Dragons invade Texas! Warning issued after venomous ‘blue dragon’ sea slugs with stings worse than a man-o-war jellyfish wash up on beaches
- The blue dragons were spotted by a seven-year-old boy on vacation in early May
- He was walking along Texas’ Padre Island National Seashore when he saw them
- The blue dragons are actually inch-long sea slugs called Glaucus atlanticus
- They prey on Portuguese man-of-wars and absorb their stinging cells
- By concentrating the cells, their sting can be more painful than a man-of-war’s
- Blue dragons are said to be rare as they normally live out in the open ocean
Rare, venomous ‘blue dragons’ were spotted by a seven-year-old boy vacationing at a Texas seashore earlier this month.
The boy, Hunter Lane, of Mesa, Arizona, was at Texas’ Padre Island National Seashore on May 2, when he found four of the blue dragon washed up on the shore in a matter of minutes.
Dad Trey Lane told CNN that in the 30 years that he had been vacationing at the spot on the Gulf coast, he’d never seen one of the dragons before.
A seven-year-old boy was walking along Texas’ Padre Island National Seashore when he spotted several washed up blue dragon sea slugs
The inch-long slugs are venomous and considered rare as they normally live in the open ocean
The Padre Island National Seashore Facebook page shared images and warnings about the blue dragons that were found on the beach
‘Hunter loves sea creatures and thought he had found a blue button jellyfish,’ Trey told the news network. After picking it up in a beach toy, Hunter ‘proclaimed to me that he had discovered a new species!’
It turns out that the vividly-colored discovery were actually inch-long sea slugs called Glaucus atlanticus, which are natural predators of Portuguese man-of-wars, a species related to jellyfish.
‘Don’t let their size fool you, they have a defense worthy of the name dragon,’ Padre Island National Seashore wrote in a Facebook post accompanying Hunter’s pictures of a blue dragon he found.
After preying on the man-of-war, the nature agency wrote, the blue dragons ‘move the stinging cells from the man-of-war to the end of their “fingers.” Because they are able to concentrate the stinging cells together, their sting can be more painful than a man-of-war’s!’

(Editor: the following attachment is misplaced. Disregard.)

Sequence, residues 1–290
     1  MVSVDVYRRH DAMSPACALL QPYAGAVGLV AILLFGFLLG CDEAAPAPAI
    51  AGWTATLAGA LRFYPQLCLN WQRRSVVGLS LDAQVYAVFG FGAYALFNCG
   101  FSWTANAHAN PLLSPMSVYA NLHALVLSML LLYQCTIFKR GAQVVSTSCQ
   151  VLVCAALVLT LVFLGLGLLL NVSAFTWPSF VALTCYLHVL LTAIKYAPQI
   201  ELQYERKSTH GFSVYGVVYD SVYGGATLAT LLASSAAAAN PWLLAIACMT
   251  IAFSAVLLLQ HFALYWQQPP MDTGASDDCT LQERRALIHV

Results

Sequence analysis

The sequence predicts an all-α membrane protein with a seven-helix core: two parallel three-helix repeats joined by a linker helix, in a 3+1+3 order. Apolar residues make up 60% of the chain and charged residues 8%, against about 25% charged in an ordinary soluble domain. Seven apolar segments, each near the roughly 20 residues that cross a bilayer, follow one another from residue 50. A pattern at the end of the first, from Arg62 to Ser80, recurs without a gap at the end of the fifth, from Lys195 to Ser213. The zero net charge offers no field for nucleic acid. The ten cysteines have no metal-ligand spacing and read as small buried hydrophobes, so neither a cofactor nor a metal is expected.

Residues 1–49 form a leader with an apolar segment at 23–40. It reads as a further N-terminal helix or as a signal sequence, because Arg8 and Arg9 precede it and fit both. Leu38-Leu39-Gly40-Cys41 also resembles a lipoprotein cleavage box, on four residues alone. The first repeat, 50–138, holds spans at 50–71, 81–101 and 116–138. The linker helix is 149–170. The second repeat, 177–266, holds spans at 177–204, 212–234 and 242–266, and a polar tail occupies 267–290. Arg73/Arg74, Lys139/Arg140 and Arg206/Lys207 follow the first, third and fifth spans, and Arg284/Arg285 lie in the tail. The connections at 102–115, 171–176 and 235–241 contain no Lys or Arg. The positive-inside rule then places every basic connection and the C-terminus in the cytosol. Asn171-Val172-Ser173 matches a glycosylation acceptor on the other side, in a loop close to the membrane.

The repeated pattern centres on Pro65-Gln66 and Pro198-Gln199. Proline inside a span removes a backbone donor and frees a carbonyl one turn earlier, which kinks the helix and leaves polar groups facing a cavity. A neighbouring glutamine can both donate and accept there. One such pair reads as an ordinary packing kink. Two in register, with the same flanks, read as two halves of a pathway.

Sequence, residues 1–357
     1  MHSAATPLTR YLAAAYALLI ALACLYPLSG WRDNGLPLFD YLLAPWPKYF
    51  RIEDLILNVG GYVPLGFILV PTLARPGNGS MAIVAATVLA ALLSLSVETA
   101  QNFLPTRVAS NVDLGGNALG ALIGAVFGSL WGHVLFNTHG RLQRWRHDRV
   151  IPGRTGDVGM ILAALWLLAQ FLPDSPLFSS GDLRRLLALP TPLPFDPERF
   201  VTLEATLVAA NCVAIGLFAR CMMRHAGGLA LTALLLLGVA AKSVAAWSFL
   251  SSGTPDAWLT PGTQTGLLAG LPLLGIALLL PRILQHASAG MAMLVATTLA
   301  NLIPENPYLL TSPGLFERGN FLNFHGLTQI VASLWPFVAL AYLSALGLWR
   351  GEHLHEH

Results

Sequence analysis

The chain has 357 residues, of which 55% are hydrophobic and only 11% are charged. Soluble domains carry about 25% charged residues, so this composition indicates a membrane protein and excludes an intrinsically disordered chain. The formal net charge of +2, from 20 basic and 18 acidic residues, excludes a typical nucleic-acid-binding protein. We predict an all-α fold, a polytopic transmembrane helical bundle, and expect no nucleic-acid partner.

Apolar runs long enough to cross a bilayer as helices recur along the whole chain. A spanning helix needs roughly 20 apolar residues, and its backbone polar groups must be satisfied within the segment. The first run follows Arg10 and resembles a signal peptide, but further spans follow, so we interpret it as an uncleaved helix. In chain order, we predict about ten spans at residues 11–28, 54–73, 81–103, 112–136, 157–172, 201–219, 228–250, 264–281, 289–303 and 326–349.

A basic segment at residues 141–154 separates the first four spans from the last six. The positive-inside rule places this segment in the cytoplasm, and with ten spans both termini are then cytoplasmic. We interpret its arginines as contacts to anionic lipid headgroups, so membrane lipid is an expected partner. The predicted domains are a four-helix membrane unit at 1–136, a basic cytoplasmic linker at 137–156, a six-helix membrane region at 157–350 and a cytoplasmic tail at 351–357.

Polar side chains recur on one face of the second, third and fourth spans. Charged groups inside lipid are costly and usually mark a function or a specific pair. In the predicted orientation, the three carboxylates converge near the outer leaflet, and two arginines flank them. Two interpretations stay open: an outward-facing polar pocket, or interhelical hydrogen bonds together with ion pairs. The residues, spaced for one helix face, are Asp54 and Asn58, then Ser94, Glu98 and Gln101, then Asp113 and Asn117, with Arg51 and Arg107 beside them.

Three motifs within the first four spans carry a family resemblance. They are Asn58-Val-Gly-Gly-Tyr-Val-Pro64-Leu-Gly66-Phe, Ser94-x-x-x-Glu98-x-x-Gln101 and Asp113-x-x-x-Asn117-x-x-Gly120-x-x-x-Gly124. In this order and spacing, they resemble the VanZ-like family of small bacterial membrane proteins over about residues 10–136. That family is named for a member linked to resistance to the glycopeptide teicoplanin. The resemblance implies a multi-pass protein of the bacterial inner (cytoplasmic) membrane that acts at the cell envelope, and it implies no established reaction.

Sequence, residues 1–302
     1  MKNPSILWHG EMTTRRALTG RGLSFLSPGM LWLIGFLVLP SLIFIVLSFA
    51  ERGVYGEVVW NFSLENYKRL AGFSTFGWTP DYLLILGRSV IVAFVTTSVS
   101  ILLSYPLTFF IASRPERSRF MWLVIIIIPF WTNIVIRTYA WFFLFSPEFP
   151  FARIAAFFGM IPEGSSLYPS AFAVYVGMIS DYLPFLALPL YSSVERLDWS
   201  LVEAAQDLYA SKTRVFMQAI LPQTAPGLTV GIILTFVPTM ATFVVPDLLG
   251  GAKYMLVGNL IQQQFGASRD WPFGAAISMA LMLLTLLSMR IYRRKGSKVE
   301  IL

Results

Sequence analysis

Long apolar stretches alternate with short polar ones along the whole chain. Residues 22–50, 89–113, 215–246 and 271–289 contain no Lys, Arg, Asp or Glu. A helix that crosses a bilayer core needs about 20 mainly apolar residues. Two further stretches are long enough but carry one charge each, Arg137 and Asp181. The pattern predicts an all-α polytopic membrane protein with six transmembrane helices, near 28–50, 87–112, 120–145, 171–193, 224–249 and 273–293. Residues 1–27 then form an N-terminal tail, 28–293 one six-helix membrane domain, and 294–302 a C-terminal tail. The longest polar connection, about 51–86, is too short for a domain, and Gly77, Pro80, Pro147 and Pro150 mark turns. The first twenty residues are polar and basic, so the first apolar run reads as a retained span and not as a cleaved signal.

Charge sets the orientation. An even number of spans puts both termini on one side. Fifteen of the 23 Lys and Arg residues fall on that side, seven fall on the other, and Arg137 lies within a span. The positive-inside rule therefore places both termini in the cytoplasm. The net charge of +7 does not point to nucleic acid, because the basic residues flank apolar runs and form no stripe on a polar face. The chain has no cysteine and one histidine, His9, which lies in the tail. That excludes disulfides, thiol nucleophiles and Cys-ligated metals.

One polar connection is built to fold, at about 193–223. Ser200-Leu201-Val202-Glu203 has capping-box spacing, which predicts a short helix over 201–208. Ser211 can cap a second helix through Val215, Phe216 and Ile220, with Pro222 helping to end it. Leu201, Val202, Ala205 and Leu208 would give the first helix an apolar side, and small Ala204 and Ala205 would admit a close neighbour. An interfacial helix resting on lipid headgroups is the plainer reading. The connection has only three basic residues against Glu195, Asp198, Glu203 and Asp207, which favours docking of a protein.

The blue dragon sea slugs are natural predators of much larger Portuguese man-of-wars (file)
The blue dragons siphon off the stinging cells of the man-of-wars (pictured) they eat and the concentrate those cells, meaning their stings can be stronger than a man-of-war’s sting
A Padre Island National Seashore (pictured) spokesperson said that people have been reporting blue dragon sightings recently, something which she hadn’t heard of in two years
The blue dragons are typically found in the Atlantic, Pacific and Indian Oceans. Although they live in the open ocean, they are said to occasionally wash up on shores.
Because their stings are so strong wildlife experts warn against picking them up.
‘If you see a dragon in the park, be amazed as they are a rare find, but also keep your distance!’
A Padre Island National Seashore spokesperson told CNN that several visitors have reported spotting blue dragons on the seashore recently.
The spokesperson said she had worked at the park for two years without any reports of blue dragon sightings. The apparent new and sudden phenomenon could be attributed to a group of the slugs having washed up on the shore.
University of Texas Rio Grande Valley director for the School of Marine Sciences told KVEO that ‘We don’t see a lot of them’ and noted that ‘they kind of go around in masses of water, if you see one you see 1,000 of them.’